Just recently, a survey conducted by the In-Vehicle UX (IVX) Group at Strategy Analytics has evaluated the consumers’ interest in and willingness to pay for rear-seat entertainment systems. It showed that interest in such systems is strong among younger and middle age groups, but lower across all other demographics. There is also apparent preference for tablet docking or video streaming solutions, while there is a modest and relatively flat percentage willing to pay for rear-seat entertainment systems.
Surveying customers in the UK, US and China, Strategic Analytics has discovered that there is strong interest in rear-seat entertainment systems across all regions, but only among the 25-34 and 35-44 age brackets. The percentage of consumers willing to pay for rear-seat entertainment systems is modest among consumers in the US irrespective of price point, but this percentage dips slightly at higher price points in Europe. However, those who are interested in rear-seat entertainment mostly prefer streaming video and tablet docking stations as the method of delivery; and this has crucial implications concerning the type of internet connection required in upcoming car models.
According to Derek Viita, Senior Analyst and report author, connectivity plays a progressively crucial role in the consumers’ purchase decision, though huge swaths of consumers are not willing to pay a premium or a subscription for that connectivity. He added that OEMs should take into account the inclusion of reliable and fast on-board connectivity a “must-have” in upcoming models for different reasons, and the increased usage of streaming media for rear-seat entertainment is one of them.
Viita continued that offering options for streaming video would be a driver for the implementation of in-vehicle Wi-Fi hotspot solutions. “However, much of this adoption would come from a misunderstanding of the capabilities of in-vehicle Wi-Fi and the cost and data limits imposed on the consumer. When consumers generally hear “Wi-Fi” or “Wi-Fi” hotspot they envision either public Wi-Fi or at home Wi-Fi without data limits. Unfortunately within the car this is not the case.”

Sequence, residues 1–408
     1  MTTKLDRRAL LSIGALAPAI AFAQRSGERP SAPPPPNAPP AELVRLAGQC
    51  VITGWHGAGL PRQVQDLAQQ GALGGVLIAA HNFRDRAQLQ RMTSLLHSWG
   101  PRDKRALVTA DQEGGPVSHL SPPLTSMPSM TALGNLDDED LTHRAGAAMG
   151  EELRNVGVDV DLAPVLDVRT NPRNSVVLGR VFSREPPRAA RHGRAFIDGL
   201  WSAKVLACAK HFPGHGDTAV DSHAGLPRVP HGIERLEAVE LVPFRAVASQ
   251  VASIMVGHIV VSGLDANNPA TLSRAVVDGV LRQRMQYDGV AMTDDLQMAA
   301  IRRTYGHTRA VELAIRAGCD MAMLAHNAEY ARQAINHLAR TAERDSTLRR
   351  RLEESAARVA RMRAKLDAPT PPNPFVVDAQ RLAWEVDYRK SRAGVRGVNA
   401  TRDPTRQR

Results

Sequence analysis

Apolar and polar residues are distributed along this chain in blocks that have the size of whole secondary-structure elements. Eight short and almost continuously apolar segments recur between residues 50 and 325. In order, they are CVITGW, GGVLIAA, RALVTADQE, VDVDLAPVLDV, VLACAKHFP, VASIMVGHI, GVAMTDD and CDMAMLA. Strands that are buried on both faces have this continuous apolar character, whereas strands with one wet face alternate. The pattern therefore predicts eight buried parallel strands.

In a statement, Chris Schreiner, Director IVX, said that in the US, current Wi-Fi options are more expensive than having the consumer increase their data limit through their wireless carrier. He added that data limits on in-vehicle Wi-Fi would not support constant usage of streaming video, as only a few hours of usage per month would use up all allotted data. “OEMs need to better align in-vehicle Wi-Fi options with likely usage patterns in order to take advantage of this consumer preference toward streaming video content.”
Hamid Moaref has always been fascinated by cars and the automotive industry. His family has a longstanding association with the industry and has been in the tire business for the past 35 years. Raised in Dubai, Hamid attended Capilano University in Vancouver where he graduated with a BBA in marketing before attending an intensive course in magazine publishing in 2005. He has been the publisher and chief editor of Tires & Parts magazine for the past ten years.
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